Wednesday, August 16, 2006
As a youngster I liked a number of things: girls, books, music, drugs, beer and gigs. Often my friends and I would find ourselves at a loose end Sunday night and so it became a habit for us to congregate in a pub, the name of which escapes me, opposite Ilford police station. The good thing about this pub was that it was one of the rare local drinking holes to host live music on Sunday and it was free, though we had to pay for the beer! At the beginning there was something that didn't please me that much, the landlord had a strong preference for country music and I didn't, little by little I managed to shake off the Dolly Parton image of country that I had thanks to my parents and ended up passing many a rockin' Sunday evening often with bands that had more in common with Steve Earle than Jim Reeves. The result is that I'm quite partial to a bit of country be it traditional or modern.
Johnny Cash has long been a favorite, and it gave me much pleasure when he made his comeback under the wings of Rick Rubin on American. One of the things that stood out from this series of recordings was his choice of cover versions, often songs and styles that one would not associate with him and that he managed to make his own. Cash's songs had already been favorites for other artists to cover for many years. The late 1980's saw the release of an exceptionally good compilation of specially recorded Cash covers on the Leeds based Red Rhino called 'Till Things Are Brighter', a title which could well be an allusion to the state of his career at the time. The project was led by the Mekons, who also provided the musical backing, with the goal of raising money for AIDS charities and featured some of the days top indie/alternative artists, infact people rather like myself that you would not expect to be country fans. The album sleeve notes said of Cash that he "was the only Country and Western star to make a stand against the Vietnam war". He was also the only person that author knew that had been arrested for flower picking! All in all sounds like a great man and one hell of a rebel, I've always liked the finger photo taken at one of his prison gigs.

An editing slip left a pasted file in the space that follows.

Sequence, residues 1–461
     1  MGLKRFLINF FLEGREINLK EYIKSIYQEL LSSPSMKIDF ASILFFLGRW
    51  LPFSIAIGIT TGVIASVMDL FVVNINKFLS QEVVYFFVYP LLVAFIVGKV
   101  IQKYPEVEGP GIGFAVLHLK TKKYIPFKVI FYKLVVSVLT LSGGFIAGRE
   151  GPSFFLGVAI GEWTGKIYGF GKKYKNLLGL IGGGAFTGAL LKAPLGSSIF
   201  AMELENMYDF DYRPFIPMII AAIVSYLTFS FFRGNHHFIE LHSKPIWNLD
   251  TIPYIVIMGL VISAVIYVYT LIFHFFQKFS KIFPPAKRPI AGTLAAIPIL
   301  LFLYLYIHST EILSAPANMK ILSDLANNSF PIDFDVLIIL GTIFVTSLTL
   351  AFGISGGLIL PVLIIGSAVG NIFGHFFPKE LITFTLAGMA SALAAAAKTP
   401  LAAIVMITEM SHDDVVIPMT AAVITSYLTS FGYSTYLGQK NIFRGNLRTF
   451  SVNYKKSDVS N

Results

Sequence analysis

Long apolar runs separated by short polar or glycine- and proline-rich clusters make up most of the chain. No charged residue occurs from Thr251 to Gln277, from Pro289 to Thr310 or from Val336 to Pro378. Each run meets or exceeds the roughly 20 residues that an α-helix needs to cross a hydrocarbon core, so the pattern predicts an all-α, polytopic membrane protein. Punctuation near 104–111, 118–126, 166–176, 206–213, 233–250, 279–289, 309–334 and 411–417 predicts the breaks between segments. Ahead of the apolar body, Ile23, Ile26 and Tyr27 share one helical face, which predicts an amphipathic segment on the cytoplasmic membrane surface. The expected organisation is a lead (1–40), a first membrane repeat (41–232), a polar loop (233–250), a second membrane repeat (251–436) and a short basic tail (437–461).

I had a hard time choosing the titles to post from the album and have chosen three tracks, the great man's theme tune 'Man In Black' reverently interpreted by the then solo Marc Almond who was ofcourse better known for singing seedy songs about bedsit life, night clubbing and sex. Another surprise appearance on the album was of Tracey and Melissa the sisters and the vocal chords behind Voice of the Beehive who revisited 'Five Feet High And Risin'. My own personal favorite is from maybe the least likely of singers Mary Mary who some of you might remember as having been the singer from Gaye Bikers On Acid (I know, some bands have better names than they do music) who delivers a suitably manic reading of 'Boy Named Sue'. A very solid tribute album that I seem to remember won over the critics at the time. Often these projects fall flat on there faces with maybe one or two good covers and a load of substandard rubbish, maybe what makes this one succeed is the fact that the music is played by the same people for all of the songs and that they display an obvious understanding of Cash and his music. Needlessly to say this has long been out of print and the going rate would appear to be around the 25 euros mark, good hunting as it makes for a good companion to the original recordings.